She also has some great advice for keeping things uncomplicated. “For me, if you go into a sexual situation viewing it as a fun exchange between consenting adults, it really doesn’t get complicated. If the act becomes about physical desire, rather than emotional desire, it’s pretty straight forward. Sex doesn’t have to be laden with expectations and, actually, if you remove all of that ‘Where is this going?’ stuff, it actually makes the whole thing more fun.”
A Therapist’s Opinion
As for a professional’s opinion on the matter, Talkspace counselor Rachel O’Neill, Ph.D. echoes the sentiment that casual sex can indeed be good for mental health.
“In general, healthy sexual activity can have a number of positive impacts within the individual’s life,” Dr. O’Neill says. “For example, sexual activity may help guard against mental health issues like anxiety and stress. Because it’s exciting and novel, casual sex can activate pleasure pathways in the brain. These pathways produce a sense of temporary euphoria.”
So yeah, that new and exciting rental car metaphor Henry was talking about? It makes sense.
The Science of Casual Sex
On top of the novelty factor that makes casual sex feel exciting, there are more scientific reasons why sex is good for you.
Sexual activity and orgasms are scientifically proven to release multiple hormones that provide mental health benefits. Oxytocin, famously nicknamed the “love hormone,” is released during physical touch and orgasm. It relieves stress and anxiety while also creating feelings of bonding and trust. Additionally, dopamine is released and triggers the “reward center” of the brain. Simply put, dopamine makes us feel good and keeps us wanting more.
Casual Sex Isn’t for Everyone
All of this said, casual sex isn’t necessarily for everybody.
“Everyone has their own individual beliefs and values around sex, which is completely okay,” Dr. Rachel O’Neill states. “If you’re the type of person who really values intimacy and views sex as something that happens after a relationship develops, then perhaps casual sex isn’t right for you. At the same time, it doesn’t mean that you can’t experiment with your sexuality to see if perhaps you can find some element of causal sexual intimacy that works for you.”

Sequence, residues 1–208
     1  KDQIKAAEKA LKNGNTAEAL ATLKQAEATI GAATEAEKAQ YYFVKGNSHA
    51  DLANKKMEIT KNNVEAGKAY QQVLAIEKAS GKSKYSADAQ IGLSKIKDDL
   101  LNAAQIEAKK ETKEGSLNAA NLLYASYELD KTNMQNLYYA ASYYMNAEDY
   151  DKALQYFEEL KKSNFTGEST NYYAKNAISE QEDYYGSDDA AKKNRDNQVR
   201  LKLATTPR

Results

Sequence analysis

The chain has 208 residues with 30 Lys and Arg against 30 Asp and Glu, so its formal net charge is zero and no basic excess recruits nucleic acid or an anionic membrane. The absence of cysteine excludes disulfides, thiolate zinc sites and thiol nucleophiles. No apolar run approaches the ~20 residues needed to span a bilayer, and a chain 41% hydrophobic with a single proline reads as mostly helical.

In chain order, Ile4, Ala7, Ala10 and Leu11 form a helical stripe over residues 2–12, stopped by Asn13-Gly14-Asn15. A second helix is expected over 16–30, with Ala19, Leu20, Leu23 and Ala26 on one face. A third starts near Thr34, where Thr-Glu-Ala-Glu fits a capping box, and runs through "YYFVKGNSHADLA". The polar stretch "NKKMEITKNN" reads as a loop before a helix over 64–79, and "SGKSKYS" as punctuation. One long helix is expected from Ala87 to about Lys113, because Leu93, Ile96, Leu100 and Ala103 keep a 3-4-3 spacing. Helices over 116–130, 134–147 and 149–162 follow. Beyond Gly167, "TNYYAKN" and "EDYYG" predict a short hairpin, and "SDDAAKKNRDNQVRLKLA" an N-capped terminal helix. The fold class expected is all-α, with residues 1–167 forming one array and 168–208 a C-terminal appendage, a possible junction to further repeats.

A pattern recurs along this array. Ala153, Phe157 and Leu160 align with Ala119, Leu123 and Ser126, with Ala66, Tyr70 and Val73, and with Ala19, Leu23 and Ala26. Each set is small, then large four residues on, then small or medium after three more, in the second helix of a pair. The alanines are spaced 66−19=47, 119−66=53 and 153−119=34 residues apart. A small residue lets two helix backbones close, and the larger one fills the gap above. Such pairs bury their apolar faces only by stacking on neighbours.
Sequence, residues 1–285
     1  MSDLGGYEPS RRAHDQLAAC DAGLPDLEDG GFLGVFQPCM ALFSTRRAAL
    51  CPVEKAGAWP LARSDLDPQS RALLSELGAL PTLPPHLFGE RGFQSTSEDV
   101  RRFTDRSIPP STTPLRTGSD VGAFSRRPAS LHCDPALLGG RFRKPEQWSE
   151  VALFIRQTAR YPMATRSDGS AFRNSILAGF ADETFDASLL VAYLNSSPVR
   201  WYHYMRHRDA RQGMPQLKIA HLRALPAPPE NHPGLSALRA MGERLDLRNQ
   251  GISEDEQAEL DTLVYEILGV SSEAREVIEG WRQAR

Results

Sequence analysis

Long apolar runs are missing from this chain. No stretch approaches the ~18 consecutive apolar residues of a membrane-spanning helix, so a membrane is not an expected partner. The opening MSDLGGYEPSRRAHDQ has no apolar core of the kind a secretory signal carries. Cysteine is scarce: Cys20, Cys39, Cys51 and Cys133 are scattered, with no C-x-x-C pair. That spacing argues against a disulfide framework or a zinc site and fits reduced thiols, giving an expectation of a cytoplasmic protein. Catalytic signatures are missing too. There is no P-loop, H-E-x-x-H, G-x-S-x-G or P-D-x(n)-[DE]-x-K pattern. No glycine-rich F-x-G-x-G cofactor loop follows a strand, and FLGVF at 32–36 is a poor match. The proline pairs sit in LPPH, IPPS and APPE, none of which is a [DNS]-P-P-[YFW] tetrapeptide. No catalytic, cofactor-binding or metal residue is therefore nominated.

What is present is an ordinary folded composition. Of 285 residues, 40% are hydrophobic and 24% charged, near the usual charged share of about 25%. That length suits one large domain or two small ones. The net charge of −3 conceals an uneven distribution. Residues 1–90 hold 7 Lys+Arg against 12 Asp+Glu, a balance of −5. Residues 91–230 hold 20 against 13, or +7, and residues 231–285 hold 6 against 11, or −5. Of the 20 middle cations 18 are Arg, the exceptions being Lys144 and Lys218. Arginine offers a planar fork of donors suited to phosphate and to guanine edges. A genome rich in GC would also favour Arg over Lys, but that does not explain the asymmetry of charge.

Your decision whether or not to have casual sex is personal, and you shouldn’t be ashamed or embarrassed of your decision either way. There are issues such as sexual addiction and compulsion, that can be serious, and should be addressed with a mental health profession.
Under the right circumstances, however, casual sex doesn’t make you a “slut” or a “man whore.” It makes you somebody who is owning their sexuality, taking their pleasure and desires into their own hands.
Be Safe and Have Fun
Always use condoms (you already knew that, right?) and protect yourself emotionally by keeping expectations at bay by communicating openly and honestly. Be upfront and learn to ask for what you want in bed and out of bed.
And hey, if it turns out casual sex isn’t for you, there’s always masturbation.
Talkspace articles are written by experienced mental health-wellness contributors; they are grounded in scientific research and evidence-based practices. Articles are extensively reviewed by our team of clinical experts (therapists and psychiatrists of various specialties) to ensure content is accurate and on par with current industry standards.
Our goal at Talkspace is to provide the most up-to-date, valuable, and objective information on mental health-related topics in order to help readers make informed decisions.
Articles contain trusted third-party sources that are either directly linked to in the text or listed at the bottom to take readers directly to the source.